Re: Please read Mr. Kaster, Mr. Intersimone, TeamB members and the rest of all .Net friends !!!

Hi Leonel,
Thank you!
-- Larry
"Leonel" <togniolli.@.gmail.com>writes
Quote
Craig Stuntz [TeamB] writes:

>-Craig, who made the mistake of trying to view a PDF this morning.
>You'd think that having Adobe's reader installed on your system would
>make this easier, but no, it is only an invitation to trouble.

A very good hint is to move all the files away from its "plugin"
folder, keeping onlyEWH32.api, printme.api, and search.api. Adobe
Reader, gets, much, much, better then.

--
Leonel
 

Re: Please read Mr. Kaster, Mr. Intersimone, TeamB members and the rest of all .Net friends !!!

Hi Brett,
You writes:
Quote
You mean .NET apps are going to fit on floppy disks and install without
installation programs? No registry set-up, no administrative users need to
be
involved, etc.? We can download them from the internet and they install
and
run silently without security concerns like Java? Databases work magically
without any rights, configuration, or set-up?
More so than with Win332 apps. As Rudy says, you can do XCopy
deployment, so they will be easier to install, and some would fit on a
floopy, but that isn't the point. The point is that more of the library
routines you need will be in the O.S. and there won't be any dlls,
so no dll hell. Look at the number of items in the .NET library
today. That number is just going to increase over time the way
the Java library has increased over time. Note also that
the Java Library will neve be part of Windows, but the .Net
library will.
You writes:
What makes .EXEs so big today. You think a 20MB .EXE is 20MB of
Quote
compiled x86 code? More like 4MB of code and 16MB of resources.
Do you think bitmaps, graphics, strings, dialogs, etc. are going away in
a .NET app? They are on the OS to start with? Sorry...
Certainly .NET won't affect resources, but then it won't be any worse
than Win32.
You writes:
Quote
In any case, you need a CD, installation program, and administrative
rights
to install it whether Win32 or .NET. That is a trip by the IT department.
Whether it takes 5 minutes or 10 minutes to install (if it was any
smaller),
I don't see the difference when it takes three days for IT to get around
to installing it anyway.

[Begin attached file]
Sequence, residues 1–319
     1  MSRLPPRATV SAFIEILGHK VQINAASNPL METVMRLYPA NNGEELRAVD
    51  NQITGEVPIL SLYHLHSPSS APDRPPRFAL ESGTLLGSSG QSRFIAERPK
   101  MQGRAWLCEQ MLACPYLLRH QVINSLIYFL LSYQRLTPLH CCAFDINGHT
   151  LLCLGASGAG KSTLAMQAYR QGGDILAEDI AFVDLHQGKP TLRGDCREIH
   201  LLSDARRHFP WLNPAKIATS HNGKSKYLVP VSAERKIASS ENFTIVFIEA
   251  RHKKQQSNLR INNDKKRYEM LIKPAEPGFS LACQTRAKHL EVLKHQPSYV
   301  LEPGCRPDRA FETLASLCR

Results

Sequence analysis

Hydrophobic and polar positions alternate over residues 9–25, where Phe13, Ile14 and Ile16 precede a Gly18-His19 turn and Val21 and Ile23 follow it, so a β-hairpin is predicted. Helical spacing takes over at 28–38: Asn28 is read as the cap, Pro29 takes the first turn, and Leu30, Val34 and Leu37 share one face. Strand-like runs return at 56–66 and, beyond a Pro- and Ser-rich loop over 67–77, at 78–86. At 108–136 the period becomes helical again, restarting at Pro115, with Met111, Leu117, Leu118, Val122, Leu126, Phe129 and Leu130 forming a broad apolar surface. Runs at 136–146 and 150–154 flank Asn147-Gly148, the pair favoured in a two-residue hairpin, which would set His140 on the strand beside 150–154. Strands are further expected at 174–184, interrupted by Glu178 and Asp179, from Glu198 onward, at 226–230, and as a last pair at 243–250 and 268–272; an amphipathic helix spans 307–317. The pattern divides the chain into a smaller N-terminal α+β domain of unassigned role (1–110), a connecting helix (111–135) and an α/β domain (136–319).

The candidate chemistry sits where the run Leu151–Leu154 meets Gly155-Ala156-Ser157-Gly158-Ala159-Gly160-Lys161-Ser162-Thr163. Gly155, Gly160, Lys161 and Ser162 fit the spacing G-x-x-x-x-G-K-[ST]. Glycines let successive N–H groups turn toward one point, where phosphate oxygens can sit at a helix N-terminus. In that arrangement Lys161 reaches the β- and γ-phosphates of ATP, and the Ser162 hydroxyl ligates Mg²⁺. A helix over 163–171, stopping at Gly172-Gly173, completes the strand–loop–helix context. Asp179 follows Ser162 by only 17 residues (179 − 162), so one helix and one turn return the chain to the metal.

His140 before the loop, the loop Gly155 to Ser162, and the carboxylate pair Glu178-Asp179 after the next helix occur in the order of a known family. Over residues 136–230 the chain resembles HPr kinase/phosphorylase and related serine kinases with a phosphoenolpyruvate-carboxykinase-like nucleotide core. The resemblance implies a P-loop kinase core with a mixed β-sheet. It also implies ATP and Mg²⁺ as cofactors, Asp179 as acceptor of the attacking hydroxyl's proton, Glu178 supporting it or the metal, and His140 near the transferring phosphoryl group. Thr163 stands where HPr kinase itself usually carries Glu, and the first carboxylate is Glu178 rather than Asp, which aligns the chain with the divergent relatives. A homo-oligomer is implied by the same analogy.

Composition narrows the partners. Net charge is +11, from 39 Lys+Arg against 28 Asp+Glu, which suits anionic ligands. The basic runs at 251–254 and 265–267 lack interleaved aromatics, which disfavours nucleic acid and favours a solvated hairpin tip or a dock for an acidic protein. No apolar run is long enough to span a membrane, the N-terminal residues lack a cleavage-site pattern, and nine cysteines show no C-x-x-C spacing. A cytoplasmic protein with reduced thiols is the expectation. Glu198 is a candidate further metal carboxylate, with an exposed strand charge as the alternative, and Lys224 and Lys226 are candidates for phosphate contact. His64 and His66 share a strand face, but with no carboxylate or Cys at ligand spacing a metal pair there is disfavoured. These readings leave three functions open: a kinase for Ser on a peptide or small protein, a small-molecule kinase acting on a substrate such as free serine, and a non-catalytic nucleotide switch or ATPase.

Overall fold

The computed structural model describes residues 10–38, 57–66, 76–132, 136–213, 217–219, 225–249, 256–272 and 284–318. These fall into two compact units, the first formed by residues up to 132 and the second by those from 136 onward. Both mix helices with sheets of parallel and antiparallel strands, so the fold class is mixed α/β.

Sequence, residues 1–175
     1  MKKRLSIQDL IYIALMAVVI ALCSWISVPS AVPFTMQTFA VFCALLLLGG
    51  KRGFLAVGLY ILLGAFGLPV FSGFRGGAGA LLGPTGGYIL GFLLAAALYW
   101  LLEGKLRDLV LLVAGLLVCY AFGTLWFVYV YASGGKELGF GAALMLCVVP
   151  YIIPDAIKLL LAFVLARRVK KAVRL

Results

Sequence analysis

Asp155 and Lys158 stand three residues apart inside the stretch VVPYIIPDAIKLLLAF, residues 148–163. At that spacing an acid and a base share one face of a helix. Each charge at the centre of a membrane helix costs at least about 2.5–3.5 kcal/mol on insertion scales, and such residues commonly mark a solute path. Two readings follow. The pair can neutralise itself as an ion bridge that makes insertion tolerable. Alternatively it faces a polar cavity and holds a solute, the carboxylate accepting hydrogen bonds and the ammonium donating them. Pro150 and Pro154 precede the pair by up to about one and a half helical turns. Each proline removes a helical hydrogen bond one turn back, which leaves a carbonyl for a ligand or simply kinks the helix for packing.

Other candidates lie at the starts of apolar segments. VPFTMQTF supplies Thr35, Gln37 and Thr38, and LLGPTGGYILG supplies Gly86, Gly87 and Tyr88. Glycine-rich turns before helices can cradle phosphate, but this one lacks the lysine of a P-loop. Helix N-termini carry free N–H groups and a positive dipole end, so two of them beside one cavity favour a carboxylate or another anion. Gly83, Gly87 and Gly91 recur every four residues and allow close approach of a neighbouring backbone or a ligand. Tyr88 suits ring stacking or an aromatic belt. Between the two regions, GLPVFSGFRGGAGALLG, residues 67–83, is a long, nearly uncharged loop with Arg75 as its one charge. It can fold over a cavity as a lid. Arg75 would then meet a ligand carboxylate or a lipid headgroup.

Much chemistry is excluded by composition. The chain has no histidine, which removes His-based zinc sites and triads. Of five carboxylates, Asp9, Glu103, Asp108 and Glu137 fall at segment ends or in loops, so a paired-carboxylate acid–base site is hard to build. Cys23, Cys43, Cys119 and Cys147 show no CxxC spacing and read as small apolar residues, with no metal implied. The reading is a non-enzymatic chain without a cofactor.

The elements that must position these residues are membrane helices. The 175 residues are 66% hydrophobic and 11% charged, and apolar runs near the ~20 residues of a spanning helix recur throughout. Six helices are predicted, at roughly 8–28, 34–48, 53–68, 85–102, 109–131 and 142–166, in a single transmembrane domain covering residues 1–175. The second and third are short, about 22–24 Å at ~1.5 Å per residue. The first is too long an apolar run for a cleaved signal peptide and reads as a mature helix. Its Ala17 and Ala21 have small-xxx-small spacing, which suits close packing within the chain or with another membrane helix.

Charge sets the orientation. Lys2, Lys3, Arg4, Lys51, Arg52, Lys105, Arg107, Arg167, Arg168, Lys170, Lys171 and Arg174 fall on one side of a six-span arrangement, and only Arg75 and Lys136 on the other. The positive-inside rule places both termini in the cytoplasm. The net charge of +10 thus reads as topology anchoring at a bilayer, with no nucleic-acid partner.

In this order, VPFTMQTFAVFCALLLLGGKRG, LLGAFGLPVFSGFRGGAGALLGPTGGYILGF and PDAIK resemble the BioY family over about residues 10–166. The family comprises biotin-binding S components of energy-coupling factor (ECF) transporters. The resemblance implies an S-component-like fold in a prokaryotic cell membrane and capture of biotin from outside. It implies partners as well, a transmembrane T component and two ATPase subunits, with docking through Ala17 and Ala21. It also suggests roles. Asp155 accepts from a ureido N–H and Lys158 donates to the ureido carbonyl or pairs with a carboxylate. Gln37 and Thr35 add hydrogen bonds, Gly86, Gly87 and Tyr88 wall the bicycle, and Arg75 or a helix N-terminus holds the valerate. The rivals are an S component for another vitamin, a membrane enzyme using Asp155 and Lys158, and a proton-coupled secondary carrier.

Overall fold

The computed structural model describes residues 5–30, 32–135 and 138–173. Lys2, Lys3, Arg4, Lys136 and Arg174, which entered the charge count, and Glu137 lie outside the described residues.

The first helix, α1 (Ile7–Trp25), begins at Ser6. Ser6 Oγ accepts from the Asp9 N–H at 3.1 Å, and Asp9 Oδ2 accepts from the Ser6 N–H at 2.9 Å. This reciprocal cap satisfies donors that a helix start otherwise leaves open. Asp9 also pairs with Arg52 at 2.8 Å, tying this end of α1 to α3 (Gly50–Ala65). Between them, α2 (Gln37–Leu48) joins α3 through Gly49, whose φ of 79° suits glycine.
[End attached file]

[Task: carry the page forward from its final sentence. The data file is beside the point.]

If the code is all managed code, then there will a lot less of a security
problem
than with a Win32 app. Again, that is assumming that all of .NET is part
of the O.S. Even MS doesn't know when that will happen, so there isn't
a near future pay off in .NET, but give it time. Which was the point of
my original posting. You can not judge what .NET is going to be like in the
future based soley on what it is like today, nor can you predict the exact
tradeoffs between Win32 and .NET in the future.
-- Larry Maturo
"Brett Watters" <XXXX@XXXXX.COM>writes
Quote
Larry,

>When the O.S. does support .NET, Win32 apps are going to appear big,
>bloated, and hard to install. That is the point behind .NET. No one is
>asking for .NET apps now because they have to install the .NET framework,
>making .NET apps look big, bloated, and hard to install.

LOL. More .NET silliness.

You mean .NET apps are going to fit on floppy disks and install without
installation programs? No registry set-up, no administrative users need to
be
involved, etc.? We can download them from the internet and they install
and
run silently without security concerns like Java? Databases work magically
without any rights, configuration, or set-up?

What makes .EXEs so big today. You think a 20MB .EXE is 20MB of
compiled x86 code? More like 4MB of code and 16MB of resources.
Do you think bitmaps, graphics, strings, dialogs, etc. are going away in
a .NET app? They are on the OS to start with? Sorry...

In any case, you need a CD, installation program, and administrative
rights
to install it whether Win32 or .NET. That is a trip by the IT department.
Whether it takes 5 minutes or 10 minutes to install (if it was any
smaller),
I don't see the difference when it takes three days for IT to get around
to installing it anyway.

ASP.NET, different story.

Thanks,

Brett


 

Re: Please read Mr. Kaster, Mr. Intersimone, TeamB members and the rest of all .Net friends !!!

Quote
.NET promotes
so-called XCOPY deployment, meaning you copy everything to one directory,
and it is set up.
And native code prohibits it?
Kostya
 

Re: Please read Mr. Kaster, Mr. Intersimone, TeamB members and the rest of all .Net friends !!!

Ralf Mimoun writes:
Quote
You wasted your time reading old arguments and opinions again.
On vacation no less ;)
The more fool me!
I keep hoping for some new ammo. Every once in a while, I get some.
--
John Kaster blogs.borland.com/johnk
Features and bugs: qc.borland.com
Get source: cc.borland.com
If it is not here, it is not happening: ec.borland.com